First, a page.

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  • French Gastronomy and The Magic of Americanism by Rick Fantasia
  • Kaitland M. Byrd
French Gastronomy and The Magic of Americanism
By Rick Fantasia. 2018. Philadelphia, PA: Temple University Press. 240 pages.

French gastronomy typically calls to mind elite chefs preparing iconic classical French dishes while competing for the next Michelin star or high-status review. This enduring image of French culinary traditions has also long impacted popular culture across the years and even served as a basis for the Academy Award-winning animated film Ratatouille. Although this image is most common in France and global elite restaurants showcasing classically French-trained chefs, it is not as pervasive as it historically was. Although this model is still prevalent among the most elite and award-winning chefs in the field, similar to the narrative provided for children and families in Ratatouille, French gastronomy has not avoided the McDonaldization of cuisine. Fantasia's examination of French gastronomy highlights how French foodways are a cultural battleground as they attempt to hold strong to the traditions that made the nation's food scene famous with the emergence of Americanism that has impacted the prevalence of these culinary traditions.

Fantasia explores the shift in French gastronomy occurring in the 1980s as French youth sought out an American lifestyle through their consumption and desire for fast food, clothing, and music. Representing the epitome of American consumerism, fast food seems modern and inventive in light of the restrictive traditional French approach to cuisine. Fast food offers youth a taste of the seemingly unstructured, playful, and decidedly non-adult lifestyle they desire. Simultaneously, the United States became more entranced with European, especially French culture, offering an alternative to the fast pace, highly commercialized American culture. Despite the desire among French youth for alternative cultural expressions, the business model behind fast food offered highly rational methods for controlling labor, production methods, increasing profits, and tapping into the suburban market that relied on quick food options that could be obtained without leaving their car.

French gastronomy, while one of the unique cultural fields related to food due to its distinctive history and institutionalized domains of labor, resources, and rewards, is not immune to the desire for symbolic capital. The restricted market of elite French restaurants historically relied on well-known chefs to embed their restaurants with the necessary charisma or "magic" needed to increase the value of their products. Despite the history of French gastronomy, the emergence of American fast food restaurants in France, offered consumers a new form of symbolic capital through the interconnection between fast food and the perception of American coolness or "magic." For example, a hamburger was seen as an exotic offering among French youth, frequenting fast food restaurants that were seen as symbolic of the American lifestyle, provided consumers with symbolic capital through their ability to access the magic of American culture.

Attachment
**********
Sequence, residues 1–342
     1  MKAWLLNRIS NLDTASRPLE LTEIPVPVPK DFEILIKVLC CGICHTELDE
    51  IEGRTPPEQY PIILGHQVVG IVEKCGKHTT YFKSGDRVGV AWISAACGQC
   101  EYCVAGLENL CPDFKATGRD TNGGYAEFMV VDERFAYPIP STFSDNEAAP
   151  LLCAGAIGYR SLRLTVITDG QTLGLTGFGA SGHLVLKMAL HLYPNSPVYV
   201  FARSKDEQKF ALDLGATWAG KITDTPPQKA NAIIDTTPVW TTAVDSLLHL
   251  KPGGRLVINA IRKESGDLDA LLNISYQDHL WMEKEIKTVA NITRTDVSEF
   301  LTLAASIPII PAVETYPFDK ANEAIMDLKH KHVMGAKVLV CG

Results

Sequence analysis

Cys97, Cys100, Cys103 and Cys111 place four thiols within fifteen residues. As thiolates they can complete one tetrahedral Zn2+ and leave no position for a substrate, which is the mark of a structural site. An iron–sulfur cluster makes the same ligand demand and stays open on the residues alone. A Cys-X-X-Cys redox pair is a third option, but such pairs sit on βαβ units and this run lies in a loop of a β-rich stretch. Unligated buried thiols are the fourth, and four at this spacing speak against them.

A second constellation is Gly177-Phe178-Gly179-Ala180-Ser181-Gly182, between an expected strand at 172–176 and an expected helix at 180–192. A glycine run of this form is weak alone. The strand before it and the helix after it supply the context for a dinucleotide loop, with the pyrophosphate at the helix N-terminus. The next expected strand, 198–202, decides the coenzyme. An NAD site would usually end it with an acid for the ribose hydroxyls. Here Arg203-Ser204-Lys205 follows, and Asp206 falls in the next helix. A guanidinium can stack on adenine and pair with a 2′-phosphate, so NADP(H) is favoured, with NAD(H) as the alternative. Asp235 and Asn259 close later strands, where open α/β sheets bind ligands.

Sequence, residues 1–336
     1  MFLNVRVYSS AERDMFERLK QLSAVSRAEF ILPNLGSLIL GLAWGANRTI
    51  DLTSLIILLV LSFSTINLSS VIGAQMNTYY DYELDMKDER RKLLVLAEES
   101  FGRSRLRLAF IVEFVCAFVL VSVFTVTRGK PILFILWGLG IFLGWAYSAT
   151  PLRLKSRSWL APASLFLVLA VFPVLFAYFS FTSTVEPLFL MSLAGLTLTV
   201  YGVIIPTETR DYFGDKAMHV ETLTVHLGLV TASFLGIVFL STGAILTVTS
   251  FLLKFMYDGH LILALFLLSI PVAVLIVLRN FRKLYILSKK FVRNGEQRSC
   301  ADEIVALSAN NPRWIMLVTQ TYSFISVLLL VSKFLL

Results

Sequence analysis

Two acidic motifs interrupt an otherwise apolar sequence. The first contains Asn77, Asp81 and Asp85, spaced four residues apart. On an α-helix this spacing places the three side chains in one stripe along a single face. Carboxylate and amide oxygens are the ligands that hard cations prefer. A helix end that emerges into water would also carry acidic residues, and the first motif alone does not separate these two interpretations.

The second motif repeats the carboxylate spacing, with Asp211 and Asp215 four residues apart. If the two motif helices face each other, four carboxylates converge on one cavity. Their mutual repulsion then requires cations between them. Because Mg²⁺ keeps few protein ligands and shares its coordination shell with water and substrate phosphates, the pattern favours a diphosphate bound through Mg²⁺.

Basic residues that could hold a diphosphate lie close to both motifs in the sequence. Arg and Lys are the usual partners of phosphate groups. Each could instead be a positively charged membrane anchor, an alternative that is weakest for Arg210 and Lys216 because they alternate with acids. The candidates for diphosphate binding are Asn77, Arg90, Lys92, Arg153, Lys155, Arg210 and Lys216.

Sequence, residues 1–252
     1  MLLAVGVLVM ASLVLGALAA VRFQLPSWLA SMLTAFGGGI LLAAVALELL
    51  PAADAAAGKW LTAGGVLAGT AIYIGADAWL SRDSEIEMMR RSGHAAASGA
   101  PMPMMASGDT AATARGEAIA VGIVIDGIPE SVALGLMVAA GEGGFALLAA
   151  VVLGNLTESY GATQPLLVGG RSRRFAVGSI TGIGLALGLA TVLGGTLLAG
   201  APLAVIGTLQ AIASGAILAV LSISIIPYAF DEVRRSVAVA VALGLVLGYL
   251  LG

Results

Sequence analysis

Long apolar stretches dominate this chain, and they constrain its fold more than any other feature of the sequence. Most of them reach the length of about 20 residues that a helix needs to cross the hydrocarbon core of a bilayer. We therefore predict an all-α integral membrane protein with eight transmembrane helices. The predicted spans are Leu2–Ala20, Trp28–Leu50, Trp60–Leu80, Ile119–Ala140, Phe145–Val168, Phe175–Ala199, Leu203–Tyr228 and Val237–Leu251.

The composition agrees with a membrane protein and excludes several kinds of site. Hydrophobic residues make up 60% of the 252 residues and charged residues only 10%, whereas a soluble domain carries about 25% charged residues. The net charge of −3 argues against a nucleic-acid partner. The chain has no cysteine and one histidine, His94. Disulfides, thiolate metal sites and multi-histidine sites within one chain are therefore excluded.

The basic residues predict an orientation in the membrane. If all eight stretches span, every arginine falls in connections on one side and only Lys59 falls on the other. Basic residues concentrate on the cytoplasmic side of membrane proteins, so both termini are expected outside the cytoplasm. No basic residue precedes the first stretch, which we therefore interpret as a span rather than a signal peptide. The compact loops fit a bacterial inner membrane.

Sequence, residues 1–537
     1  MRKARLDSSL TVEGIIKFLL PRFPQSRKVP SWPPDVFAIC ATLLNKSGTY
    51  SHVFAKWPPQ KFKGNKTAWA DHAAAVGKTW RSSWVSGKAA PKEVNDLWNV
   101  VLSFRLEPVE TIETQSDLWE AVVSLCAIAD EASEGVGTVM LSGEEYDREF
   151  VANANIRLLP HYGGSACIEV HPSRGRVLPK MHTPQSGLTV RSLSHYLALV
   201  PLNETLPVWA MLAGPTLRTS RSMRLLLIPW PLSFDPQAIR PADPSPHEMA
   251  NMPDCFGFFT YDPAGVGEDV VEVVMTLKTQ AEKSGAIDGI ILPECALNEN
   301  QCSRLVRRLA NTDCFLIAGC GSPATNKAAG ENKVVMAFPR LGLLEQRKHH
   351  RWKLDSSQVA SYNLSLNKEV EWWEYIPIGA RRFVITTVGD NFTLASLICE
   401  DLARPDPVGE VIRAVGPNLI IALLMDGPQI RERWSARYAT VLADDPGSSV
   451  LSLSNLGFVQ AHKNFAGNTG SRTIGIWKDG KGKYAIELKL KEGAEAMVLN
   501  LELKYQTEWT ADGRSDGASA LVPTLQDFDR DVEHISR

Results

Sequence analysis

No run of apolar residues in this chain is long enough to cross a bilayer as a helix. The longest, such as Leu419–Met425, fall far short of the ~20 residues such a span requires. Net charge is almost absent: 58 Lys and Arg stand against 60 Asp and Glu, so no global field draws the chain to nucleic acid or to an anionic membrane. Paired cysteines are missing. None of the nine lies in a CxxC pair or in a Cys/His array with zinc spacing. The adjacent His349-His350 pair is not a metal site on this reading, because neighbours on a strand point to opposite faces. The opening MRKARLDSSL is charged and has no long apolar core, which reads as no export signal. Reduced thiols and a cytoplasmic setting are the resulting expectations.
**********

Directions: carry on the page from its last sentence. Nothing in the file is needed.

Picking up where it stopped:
Drawing heavily on Bourdieu's work on cultural fields, Fantasia offers an updated understanding of the cultural fields dominating French culture, specifically the flow of economic and symbolic capital between restricted French markets and open American representations of mass markets. These updated maps of the field of French gastronomy showcase not only the role of American corporations and how a hamburger can qualify as an exotic high status food, but also how elite French chefs and established culinary institutions play a role in the spread of symbolic and economic capital through mass produced food bearing the names of elite chefs similar to approaches taken by professional athletes lending their names to specific styles of shoes.

The porousness of boundaries between restricted French markets and American representations of mass markets also problematizes the desire for locally produced artisanal products, or the sense of le terroir associated with wines and cheeses, through the ability to taste the place or region where a product was created via traditional heritage processes that have been subjected to similar development through industrialization. The increasing appeal of urbanization with its higher standard of living, incomes, and experiences led to a decrease in artisanal producers during the 1980s. Today, as foodies seek out culinary products and experiences, as a source of cultural capital there...


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